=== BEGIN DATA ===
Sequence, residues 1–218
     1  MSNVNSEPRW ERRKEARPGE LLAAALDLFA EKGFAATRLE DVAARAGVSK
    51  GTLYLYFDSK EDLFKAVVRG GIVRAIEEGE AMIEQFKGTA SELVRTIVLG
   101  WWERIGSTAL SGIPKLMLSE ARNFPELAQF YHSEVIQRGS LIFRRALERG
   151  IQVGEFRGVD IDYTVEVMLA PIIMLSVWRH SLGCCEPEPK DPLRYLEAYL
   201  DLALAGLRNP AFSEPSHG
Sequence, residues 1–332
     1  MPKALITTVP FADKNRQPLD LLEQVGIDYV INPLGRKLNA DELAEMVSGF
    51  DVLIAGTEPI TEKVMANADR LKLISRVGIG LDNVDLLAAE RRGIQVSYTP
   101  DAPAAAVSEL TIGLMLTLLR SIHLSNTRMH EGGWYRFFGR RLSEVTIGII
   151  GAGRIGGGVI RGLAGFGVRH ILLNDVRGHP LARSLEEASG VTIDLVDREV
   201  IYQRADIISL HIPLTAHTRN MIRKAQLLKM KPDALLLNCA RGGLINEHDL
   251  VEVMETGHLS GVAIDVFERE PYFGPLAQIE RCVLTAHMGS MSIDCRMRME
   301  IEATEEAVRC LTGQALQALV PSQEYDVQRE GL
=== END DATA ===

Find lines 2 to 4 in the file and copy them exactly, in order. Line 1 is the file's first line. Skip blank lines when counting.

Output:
     1  MSNVNSEPRW ERRKEARPGE LLAAALDLFA EKGFAATRLE DVAARAGVSK
    51  GTLYLYFDSK EDLFKAVVRG GIVRAIEEGE AMIEQFKGTA SELVRTIVLG
   101  WWERIGSTAL SGIPKLMLSE ARNFPELAQF YHSEVIQRGS LIFRRALERG